Tuesday, August 16, 2016

the "Swoose" the only survivor of the 19th BG of Clark Air Base, Philippines. The only known surviving combat plane that served in the war from start (Dec 8th 1941 mission) to finish. The only surviving "Shark Tail" B 17. Pieced together from parts planes though the war. Now its been 70 years of storage and moving, and moving and storage. No one has displayed it, or restored it... or displayed it before dismantling it for storage.

Delivered to Hickam Air Base Hawaii, in May 1941, and moved to Clark Air Base PI in Oct 1941

Dec 8th 1941, the Japanese bombed Clark Air Base in the PI, and Ole Betsy was damaged but repaired with a tail from another damaged B 17

On Jan. 11, 1942, three Japanese fighters caused heavy damage to Ole Betsy during a running 35-minute engagement off the coast of Borneo.

Maintenance personnel in Australia replaced the damaged tail with one from another B-17D, replaced the engines, and converted the aircraft into an armed transport. The new pilot, Capt. Weldon Smith, gave it a new nickname after a then-popular song about a half-swan, half-goose called the “Swoose.”

Then, as a reward for valor, she was assigned to transport missions for high Army officers.

Capt. Frank Kurtz, a personal pilot for Lt. Gen. Geroge Brett, (CO Air Force of the Far East) and the most decorated Army Air Corps pilot in World War II took over the Swoose and flew the general all over the South Pacific. One passenger was the future United States president – Lt. Cmdr. Lyndon B. Johnson who was crash landed in the Australia bush, and the 34 flags painted on her nose attest to her far-ranging flights to as many countries…

Once back stateside, the Swoose was used as Gen. Brett’s personal aircraft and for War Bond events.

After flying the big plane home, Kurtz went to the European theater where he headed "the Swoose Group" and personally flew more than 60 missions over Italy and Germany.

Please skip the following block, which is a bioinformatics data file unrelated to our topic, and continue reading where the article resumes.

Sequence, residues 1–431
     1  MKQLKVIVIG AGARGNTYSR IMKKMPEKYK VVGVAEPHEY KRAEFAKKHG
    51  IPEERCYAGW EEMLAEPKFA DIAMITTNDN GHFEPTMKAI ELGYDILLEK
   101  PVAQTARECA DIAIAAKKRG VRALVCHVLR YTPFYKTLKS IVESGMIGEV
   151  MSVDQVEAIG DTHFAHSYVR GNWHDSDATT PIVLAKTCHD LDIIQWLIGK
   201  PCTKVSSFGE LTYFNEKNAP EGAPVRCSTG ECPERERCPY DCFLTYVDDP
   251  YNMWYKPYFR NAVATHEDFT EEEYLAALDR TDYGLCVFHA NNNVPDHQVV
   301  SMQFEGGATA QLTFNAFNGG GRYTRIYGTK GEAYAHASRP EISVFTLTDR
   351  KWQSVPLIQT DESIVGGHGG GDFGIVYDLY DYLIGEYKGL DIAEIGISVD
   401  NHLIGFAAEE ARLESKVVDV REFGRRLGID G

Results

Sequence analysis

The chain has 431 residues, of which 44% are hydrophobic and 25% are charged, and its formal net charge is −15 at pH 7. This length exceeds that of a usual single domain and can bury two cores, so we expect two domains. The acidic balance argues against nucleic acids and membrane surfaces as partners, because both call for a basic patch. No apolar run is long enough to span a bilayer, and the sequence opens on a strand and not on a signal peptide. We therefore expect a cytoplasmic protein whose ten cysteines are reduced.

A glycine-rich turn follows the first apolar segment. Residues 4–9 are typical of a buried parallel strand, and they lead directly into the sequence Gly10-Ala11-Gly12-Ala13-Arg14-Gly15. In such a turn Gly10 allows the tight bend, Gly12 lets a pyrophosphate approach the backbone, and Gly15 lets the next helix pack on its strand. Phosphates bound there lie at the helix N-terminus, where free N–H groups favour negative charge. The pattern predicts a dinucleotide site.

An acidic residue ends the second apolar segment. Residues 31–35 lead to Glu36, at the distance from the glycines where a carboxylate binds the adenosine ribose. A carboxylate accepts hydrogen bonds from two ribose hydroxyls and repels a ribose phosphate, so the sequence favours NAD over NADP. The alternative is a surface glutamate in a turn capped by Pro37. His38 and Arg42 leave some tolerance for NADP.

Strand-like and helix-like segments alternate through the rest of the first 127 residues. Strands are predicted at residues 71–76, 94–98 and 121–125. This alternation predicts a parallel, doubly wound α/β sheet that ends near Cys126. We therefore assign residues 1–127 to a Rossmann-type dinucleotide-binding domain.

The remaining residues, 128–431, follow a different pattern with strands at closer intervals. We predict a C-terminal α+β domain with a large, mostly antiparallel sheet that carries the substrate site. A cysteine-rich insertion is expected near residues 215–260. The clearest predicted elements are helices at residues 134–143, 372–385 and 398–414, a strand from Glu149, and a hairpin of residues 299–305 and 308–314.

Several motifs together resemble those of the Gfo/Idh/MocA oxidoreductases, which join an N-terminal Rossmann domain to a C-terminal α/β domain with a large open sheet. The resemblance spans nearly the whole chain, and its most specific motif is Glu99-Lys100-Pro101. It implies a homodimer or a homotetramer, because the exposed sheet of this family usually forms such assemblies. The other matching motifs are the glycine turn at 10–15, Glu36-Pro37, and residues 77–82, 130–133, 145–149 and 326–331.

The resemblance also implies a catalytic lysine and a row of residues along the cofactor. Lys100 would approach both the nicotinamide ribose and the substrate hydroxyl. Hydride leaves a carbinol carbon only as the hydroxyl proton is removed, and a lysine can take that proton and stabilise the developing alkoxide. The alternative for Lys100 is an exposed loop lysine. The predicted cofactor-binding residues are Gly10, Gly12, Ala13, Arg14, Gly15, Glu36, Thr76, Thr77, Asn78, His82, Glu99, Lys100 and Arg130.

Talk about cobbled together. It's got the salvaged tail section off of 40-3091, incorrect inner wing panels, and upgraded B-17E plumbing.

It was sent to Kingman, and rescued due to it's famous pilot (war hero and former Olympic athlete) and it's own history, as the city of LA was eager to make it a WW2 memorial. They bought it for $350, and then...  stored it and forgot what they owed the warbirds and the military.

Boeing B-17D at Mines Field (LAX) on May 20, 1946 


LA gave up and sent it to the National Air Museum, then it was sent to Payole AFB Texas where the Air Force kept her up, then Andrews AFB, where it kept the Enola Gay company in the Smithsonian airplane parking area. The Smithsonian doesn't have the funds to do a thing with it, and they turn it over to the National Museum of the USAF, (NMUSAF) who, you guessed it, doesn't have the money.

Kurtz came from Ohio, his family moved to Missouri, parents divorced, and he left home at age 12 (abusive step dad) and sold newspapers.
By his teens he had grown so accomplished that he impressed Olympic champion swimmer Johnny Weissmuller who encouraged Kurtz to head to Los Angeles to train with famous diving coach Clyde Swendsen.
At 14 he hitchhiked to Los Angeles. He developed as an athlete at Hollywood High School and USC.
To qualify for the 32 Olympics, he had signed onto a tramp steamer in order to get to Hawaii for qualifications, placed 2nd, and stowed away on another steamer to get back to LA. The crew and passengers kept him out of sight, and out of trouble, slipping him off the ship before making the pier.
When Los Angeles hosted the Olympics in 1932, Kurtz competed in high platform diving. He won a bronze medal.
His new passion had become flying, which he'd taken up at 16 after befriending Frank Bireley, an orange-soda magnate and flying enthusiast who was a friend of Amelia Earhart's.
Bireley taught Frank how to fly, mostly in a 120-horsepower biplane named Yankee Boy. By the time Frank graduated from Hollywood High, in 1931, he held a slew of junior world flying records, including fastest land speed (152 mph)
In 1935 he set a record of swiftest flight from Mexico City to New York City.
In his 20s, he was busy setting speed records, vying with such aviation legends as Charles Lindbergh and Amelia Earhart.
At age 24 Kurtz also competed in the 1936 Olympics and became friends with Louis Zamperini (http://justacarguy.blogspot.com/2014/07/unbroken-movie-of-life-story-of-louis.html) while aboard the ship to the Berlin Olympics, from New York. Athletes were in steerage, coaches in cabins.
( The team drank prodigiously, stole Nazi flags as pranks, and won five of the six medals.)
He survived the bombing of Clark Air Base by digging himself a foxhole.
He met 10 year old Rupert Murdoch, and 20 year old Norman Lear, radio operator and gunner.
Years later he served on the Olympic Committee and helped bring the 1984 games back to Los Angeles.



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